If your professional goals include honing your leadership skills, growing your network, gaining a wider view of the communications profession, enhancing your skill set by volunteering to do something you don’t do in your current job, look to IABC/OC to unlock new opportunities.
We have opportunities for both short-term assignments and board positions. Note that board assignments are reserved for chapter members, but short-term assignments are open to all.
Current volunteer opportunities are listed below. For additional information, contact VP of Membership Judy Iannaccone at iannaccone_judy@rsccd.edu or at (714) 480-7503 (office) or (714) 222-4777 (mobile).
Director of Sponsorship: This board position serves as an liaison with existing sponsors and prospects; handles sponsorship inquiries, communicates regularly with IABC/OC president; follows through on supplying new sponsor’s logo to VP communication; and be sponsors’ contact before, during and after events. The position reports to the Chapter President. Must be a member of IABC.
IndyComm Coordinator: IndyComm is designed for independent communication consultants who want to discover creative ways of marketing their businesses, attract new clients, acquire a higher level of business acumen and network and brainstorm with like-minded professionals. Ideally, you are an independent practitioner who would like to offer support by helping to secure relevant presenters for this cutting-edge IABC/OC program.
Director of Student Education/Outreach: This board position serves as an liaison with IABC student chapter at Chapman University; handles requests for professional chapter’s participation in student chapter events, communicates regularly with Chapman University student chapter advisor and leadership; reports on student chapter activities to board, promotes IABC benefits to college/university students in and around Orange County. The position reports to the Vice President of Membership. Must be a member of IABC.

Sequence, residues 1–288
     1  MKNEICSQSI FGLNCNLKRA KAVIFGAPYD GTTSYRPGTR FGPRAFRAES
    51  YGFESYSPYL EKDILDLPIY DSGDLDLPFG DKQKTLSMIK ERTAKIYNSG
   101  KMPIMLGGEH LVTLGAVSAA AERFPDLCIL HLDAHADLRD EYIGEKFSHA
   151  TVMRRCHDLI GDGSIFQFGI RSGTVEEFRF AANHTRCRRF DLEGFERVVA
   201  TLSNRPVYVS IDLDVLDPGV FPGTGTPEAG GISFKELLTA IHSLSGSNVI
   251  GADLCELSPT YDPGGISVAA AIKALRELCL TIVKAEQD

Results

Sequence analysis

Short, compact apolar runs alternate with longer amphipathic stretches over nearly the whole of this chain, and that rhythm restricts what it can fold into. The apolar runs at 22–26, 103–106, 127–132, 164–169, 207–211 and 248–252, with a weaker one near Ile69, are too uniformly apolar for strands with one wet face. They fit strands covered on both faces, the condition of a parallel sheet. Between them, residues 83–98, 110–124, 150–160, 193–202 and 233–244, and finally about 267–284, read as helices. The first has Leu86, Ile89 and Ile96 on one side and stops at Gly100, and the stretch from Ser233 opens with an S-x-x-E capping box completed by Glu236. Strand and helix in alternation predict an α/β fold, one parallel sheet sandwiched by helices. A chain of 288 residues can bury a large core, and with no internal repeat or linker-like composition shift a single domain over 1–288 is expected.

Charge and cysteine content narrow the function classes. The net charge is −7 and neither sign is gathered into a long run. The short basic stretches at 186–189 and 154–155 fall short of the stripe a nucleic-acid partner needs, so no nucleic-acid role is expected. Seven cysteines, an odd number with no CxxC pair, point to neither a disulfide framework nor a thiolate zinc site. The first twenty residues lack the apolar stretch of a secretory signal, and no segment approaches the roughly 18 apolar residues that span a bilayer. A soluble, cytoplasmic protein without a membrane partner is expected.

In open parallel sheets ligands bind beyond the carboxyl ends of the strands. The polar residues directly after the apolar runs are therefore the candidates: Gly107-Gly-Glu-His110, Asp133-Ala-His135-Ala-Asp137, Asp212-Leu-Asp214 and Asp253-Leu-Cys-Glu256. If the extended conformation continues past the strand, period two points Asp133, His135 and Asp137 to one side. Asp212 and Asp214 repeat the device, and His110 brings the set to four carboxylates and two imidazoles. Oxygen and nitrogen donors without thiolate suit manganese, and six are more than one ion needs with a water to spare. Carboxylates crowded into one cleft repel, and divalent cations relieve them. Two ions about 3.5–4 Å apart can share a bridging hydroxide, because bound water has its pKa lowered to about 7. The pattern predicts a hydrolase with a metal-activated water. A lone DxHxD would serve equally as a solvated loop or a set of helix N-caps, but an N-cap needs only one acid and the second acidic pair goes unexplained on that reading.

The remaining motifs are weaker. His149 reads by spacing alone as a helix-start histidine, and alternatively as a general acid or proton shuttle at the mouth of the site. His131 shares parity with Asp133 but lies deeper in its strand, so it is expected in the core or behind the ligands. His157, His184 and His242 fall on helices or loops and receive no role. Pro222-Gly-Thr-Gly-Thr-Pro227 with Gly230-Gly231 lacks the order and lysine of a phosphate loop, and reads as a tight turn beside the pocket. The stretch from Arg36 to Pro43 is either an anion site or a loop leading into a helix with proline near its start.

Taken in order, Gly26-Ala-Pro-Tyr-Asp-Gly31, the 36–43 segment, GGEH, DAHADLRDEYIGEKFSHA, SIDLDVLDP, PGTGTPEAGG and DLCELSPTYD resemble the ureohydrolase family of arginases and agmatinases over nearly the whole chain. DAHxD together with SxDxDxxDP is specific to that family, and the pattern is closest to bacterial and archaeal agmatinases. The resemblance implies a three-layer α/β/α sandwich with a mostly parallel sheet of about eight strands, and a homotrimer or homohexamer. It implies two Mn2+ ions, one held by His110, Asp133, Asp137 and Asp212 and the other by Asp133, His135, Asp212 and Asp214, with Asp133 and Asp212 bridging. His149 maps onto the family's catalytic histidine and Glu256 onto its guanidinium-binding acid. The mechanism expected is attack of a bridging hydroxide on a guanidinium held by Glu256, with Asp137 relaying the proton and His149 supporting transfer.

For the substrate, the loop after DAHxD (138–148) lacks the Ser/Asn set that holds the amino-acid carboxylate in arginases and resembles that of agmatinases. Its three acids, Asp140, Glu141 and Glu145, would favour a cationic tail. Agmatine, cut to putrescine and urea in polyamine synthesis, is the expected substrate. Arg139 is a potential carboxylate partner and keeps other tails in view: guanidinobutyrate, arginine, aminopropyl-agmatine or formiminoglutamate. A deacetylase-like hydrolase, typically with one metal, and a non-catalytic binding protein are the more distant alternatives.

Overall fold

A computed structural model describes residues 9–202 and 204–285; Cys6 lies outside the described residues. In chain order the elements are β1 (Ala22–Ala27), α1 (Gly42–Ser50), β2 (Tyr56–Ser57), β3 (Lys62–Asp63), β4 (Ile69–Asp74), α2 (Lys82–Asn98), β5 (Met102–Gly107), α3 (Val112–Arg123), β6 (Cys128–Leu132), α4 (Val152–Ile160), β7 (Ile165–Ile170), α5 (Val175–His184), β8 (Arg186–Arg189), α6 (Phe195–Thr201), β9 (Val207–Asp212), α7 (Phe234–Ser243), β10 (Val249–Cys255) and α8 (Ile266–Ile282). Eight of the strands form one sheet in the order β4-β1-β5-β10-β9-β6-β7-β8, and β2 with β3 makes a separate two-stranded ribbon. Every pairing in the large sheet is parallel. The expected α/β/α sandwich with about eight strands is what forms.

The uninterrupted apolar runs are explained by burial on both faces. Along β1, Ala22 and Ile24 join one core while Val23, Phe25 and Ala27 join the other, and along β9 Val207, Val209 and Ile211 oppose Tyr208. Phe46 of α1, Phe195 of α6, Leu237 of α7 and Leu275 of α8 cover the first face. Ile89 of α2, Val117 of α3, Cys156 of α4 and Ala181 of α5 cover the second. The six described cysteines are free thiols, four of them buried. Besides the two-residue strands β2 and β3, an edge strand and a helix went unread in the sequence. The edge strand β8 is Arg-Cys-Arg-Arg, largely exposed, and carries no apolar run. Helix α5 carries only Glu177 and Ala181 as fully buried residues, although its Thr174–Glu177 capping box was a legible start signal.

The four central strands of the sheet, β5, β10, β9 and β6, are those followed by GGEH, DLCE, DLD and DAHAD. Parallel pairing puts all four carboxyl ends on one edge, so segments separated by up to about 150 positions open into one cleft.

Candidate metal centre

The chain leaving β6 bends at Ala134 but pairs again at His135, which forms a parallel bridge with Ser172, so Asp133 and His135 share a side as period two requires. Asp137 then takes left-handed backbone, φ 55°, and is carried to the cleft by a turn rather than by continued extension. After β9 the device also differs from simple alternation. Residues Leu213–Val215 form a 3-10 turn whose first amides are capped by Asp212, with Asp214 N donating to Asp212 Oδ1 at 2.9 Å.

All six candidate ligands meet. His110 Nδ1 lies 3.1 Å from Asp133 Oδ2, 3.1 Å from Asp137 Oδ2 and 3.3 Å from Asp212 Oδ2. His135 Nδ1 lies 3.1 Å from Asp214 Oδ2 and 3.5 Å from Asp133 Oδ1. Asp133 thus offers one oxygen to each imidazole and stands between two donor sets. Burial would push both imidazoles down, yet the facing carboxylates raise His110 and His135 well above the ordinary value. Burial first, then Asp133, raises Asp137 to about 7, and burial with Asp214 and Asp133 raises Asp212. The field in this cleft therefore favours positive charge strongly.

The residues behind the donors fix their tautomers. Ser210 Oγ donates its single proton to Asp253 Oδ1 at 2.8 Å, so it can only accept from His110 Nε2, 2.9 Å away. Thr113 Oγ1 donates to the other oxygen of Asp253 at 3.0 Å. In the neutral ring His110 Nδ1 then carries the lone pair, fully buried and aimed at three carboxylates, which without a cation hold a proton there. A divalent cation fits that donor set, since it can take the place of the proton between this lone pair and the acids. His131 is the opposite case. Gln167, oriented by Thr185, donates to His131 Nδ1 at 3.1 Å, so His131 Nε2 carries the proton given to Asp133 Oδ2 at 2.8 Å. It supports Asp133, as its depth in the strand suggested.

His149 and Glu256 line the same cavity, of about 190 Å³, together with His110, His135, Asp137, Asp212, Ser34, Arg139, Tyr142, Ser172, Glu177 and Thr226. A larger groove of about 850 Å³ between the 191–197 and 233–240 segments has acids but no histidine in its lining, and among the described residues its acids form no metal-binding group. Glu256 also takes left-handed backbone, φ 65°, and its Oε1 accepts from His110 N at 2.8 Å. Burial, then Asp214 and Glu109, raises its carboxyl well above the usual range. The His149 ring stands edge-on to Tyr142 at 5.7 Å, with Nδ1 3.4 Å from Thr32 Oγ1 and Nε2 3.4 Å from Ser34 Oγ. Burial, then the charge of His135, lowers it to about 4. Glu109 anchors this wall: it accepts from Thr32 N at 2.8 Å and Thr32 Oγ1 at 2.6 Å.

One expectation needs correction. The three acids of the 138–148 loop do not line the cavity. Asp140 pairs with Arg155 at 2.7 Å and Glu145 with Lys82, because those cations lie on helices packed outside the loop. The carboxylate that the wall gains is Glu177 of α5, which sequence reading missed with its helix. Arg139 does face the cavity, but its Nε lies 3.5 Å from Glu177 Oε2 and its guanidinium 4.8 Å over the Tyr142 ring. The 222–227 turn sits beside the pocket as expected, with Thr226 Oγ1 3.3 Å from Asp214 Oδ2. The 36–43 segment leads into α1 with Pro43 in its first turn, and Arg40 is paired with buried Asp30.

People worth following

Like many of you, my days are busy and my life is crazy. But somewhere between fielding media requests and keeping my editorial calendar in good form, I make time to follow experts that keep me informed and inspired. Here are some of my favorite people to follow:

The BraudCast. I’ve been following The BraudCast ever since I heard media training expert Gerard Braud speak at last year’s IABC World Conference. This guy is a pro, and his style is relaxed and straightforward. Why I follow him: Gerard gives bite-sized bits of best practices, like this short YouTube episode: “Should social media be part of your crisis communications strategy?

Shel Holtz. Always ahead of the game, Shel Holtz makes it his business to help communicators stay current on trends and technology. In a recent Friday Wrap, I learned that virtual appearances by hologram aren’t just for Stephen Hawking, given this Washington Post article: “Accenture’s CEO attends meeting as a hologram.”

IABC Speakers. I love our monthly Network and Knowledge Series because it exposes us to experts worth following. I’ve quickly become a fan of: Kate Peters, Joan Gladstone, Tyler Wagner, Raleigh Gerber, and Matt Clayman. When it comes to internal communications, Chuck Gose is my go-to expert. You’ll want to check out Chuck’s ICology podcasts on iTunes. And, I’m looking forward to our IABC event in June by Katie Wagner on “Social Media Storytelling” and how to dominate social media.

My network’s online engagement. My idea of ‘wasting time’ is scrolling through LinkedIn’s Pulse feed or seeing how my network is engaging with other thought leaders. Just today, fellow IABC member Robin McCasland shared a Business Insider article that had me laughing – check it out! “This résumé for Elon Musk proves you never, ever need to use more than one page.”

Who are your favorite people worth following?

Elaine Beliakoff
IABC/OC president, 2016